To All Aspiring Directors: Sorry, but Hollywood Isn’t Looking

It is no secret that Hollywood is taking fewer and fewer risks when it comes to deciding what movies will be green-lit or put into production. Despite rises in ticket prices, yearly box office returns have been increasing stagnant. This truth combined with the current economic downtown has forced studios and their larger conglomerates to scrutinize bottom lines more attentively than ever before. The big news in the last two weeks has come from Paramount, which announced that it would be slimming down its production slate from close to thirty films a year to roughly twenty films a year. Only a dozen of those films will be produced by Paramount and the other eight will be a mix of Vantage, DreamWorks Animation and Marvel productions. As a result of major film studios minimizing their production slate, the success of films that are green-lit have more significance than ever before. The above-the-line profession most affected by the studio executives’ reluctance to invest in anything new is the director.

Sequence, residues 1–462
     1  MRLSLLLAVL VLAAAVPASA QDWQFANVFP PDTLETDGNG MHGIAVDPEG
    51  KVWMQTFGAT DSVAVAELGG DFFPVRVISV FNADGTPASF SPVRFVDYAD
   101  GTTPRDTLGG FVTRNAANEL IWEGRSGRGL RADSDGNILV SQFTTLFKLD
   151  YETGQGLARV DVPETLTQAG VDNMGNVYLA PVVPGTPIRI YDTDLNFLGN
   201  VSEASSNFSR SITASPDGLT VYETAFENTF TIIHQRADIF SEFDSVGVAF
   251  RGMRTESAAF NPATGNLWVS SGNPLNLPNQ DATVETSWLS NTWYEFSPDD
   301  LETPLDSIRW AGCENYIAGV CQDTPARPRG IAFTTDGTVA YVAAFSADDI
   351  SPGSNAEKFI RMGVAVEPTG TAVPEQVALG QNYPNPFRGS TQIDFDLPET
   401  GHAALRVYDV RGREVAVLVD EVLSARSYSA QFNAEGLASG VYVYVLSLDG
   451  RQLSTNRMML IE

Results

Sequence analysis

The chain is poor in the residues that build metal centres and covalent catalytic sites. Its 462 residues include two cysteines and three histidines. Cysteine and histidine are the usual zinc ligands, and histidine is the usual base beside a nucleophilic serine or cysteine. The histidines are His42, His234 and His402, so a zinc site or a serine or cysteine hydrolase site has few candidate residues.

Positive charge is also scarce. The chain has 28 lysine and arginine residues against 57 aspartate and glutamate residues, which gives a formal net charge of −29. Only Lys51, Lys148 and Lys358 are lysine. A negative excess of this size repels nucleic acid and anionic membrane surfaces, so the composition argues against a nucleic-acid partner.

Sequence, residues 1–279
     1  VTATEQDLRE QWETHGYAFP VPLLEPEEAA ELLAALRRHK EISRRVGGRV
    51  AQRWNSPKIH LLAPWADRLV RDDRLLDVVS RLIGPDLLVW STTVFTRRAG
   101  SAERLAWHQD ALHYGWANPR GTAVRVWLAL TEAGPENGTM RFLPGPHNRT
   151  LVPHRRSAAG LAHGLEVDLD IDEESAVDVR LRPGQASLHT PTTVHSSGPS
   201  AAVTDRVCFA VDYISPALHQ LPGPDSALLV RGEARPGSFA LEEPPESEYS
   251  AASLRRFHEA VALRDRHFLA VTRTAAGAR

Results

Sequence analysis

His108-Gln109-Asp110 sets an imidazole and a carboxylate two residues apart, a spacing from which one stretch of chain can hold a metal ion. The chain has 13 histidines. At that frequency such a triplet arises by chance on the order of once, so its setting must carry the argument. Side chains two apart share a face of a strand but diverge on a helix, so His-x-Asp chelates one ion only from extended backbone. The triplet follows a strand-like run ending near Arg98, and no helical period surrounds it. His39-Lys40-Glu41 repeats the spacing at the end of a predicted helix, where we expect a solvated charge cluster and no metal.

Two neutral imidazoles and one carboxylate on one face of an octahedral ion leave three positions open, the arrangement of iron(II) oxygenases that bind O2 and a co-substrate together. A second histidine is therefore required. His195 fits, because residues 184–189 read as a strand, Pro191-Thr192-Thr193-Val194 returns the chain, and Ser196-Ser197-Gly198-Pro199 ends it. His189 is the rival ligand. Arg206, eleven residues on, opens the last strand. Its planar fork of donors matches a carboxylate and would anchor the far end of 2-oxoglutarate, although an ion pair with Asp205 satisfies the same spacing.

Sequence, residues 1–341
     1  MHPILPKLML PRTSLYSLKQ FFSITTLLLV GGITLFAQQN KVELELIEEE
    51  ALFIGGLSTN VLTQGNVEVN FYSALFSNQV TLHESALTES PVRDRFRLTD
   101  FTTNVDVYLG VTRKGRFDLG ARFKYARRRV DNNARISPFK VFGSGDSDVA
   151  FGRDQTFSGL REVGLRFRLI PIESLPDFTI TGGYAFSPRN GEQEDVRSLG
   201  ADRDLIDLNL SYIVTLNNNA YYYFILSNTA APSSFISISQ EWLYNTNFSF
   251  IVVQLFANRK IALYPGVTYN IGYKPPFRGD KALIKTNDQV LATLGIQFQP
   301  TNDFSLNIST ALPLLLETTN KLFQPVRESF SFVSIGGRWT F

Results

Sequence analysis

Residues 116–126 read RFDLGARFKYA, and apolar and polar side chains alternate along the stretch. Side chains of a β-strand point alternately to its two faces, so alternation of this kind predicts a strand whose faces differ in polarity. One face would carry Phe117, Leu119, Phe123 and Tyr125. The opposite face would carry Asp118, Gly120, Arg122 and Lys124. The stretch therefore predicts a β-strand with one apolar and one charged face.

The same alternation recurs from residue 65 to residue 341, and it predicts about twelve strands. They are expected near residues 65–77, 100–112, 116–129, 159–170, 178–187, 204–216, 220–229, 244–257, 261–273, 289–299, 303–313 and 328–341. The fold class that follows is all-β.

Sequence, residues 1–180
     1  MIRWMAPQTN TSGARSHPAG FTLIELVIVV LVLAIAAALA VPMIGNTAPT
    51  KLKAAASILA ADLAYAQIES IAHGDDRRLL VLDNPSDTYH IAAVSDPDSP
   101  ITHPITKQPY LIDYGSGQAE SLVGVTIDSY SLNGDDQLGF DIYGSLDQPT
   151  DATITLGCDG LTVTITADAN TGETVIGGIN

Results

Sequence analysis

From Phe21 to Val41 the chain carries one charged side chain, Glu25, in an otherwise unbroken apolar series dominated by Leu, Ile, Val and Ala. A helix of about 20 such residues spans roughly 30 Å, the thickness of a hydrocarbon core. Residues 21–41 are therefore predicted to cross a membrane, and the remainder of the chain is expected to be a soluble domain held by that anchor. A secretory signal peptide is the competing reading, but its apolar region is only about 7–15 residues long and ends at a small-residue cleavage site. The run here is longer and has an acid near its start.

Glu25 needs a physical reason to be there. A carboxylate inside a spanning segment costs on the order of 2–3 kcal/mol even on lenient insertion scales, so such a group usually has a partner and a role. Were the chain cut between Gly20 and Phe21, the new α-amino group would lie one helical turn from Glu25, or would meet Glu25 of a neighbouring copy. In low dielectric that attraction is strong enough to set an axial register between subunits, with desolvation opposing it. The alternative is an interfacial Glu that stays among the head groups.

Last week I was stunned to hear the news that successful actor and comedian Ben Stiller has been given the directorial reigns over the much-awaited DreamWorks passion project, The Trial of the Chicago 7. The move was made after Paul Greengrass and Steven Spielberg turned down the project. Stiller is best known for his acting in slapstick comedies including Zoolander and Dodgeball. The idea of Stiller directing a period political story revolving around the 1968 Democratic convention riots and their aftermath is not something I am very comfortable with. He has directed several films in the past, however, they have all been generally the same type of comedic films that he himself would act in. The Trial of the Chicago 7 shows great promise with a script by Aaron Sorkin and seasoned producers Walter Parkes and Laurie MacDonald attached. I am not going to say that Stiller would ruin the film, in actuality I think he would bring an interesting element to the film, my issue is that this is the perfect opportunity for an up and coming trained director to show his merit. There is tremendous risk when investing in a blockbuster film and Hollywood has traditionally aimed to mitigate that risk by attaching famous actors and proven personnel. I challenge the idea that a popular actor is a safer bet to put in charge of a film compared to a trained and educated director that has completed several smaller to mid-level budget films. There is no reason why Scarlett Johansson, Natalie Portman and Joshua Jackson can find top-level administrative jobs and Spike Jonze (Being John Malkovich) and Burr Steers (Igby Goes Down) cannot. At some point, studios are no longer mitigating risk by choosing a high-profile actor and actresses to direct instead they are creating risk by putting an uneducated and untrained overseer at the helm of their project.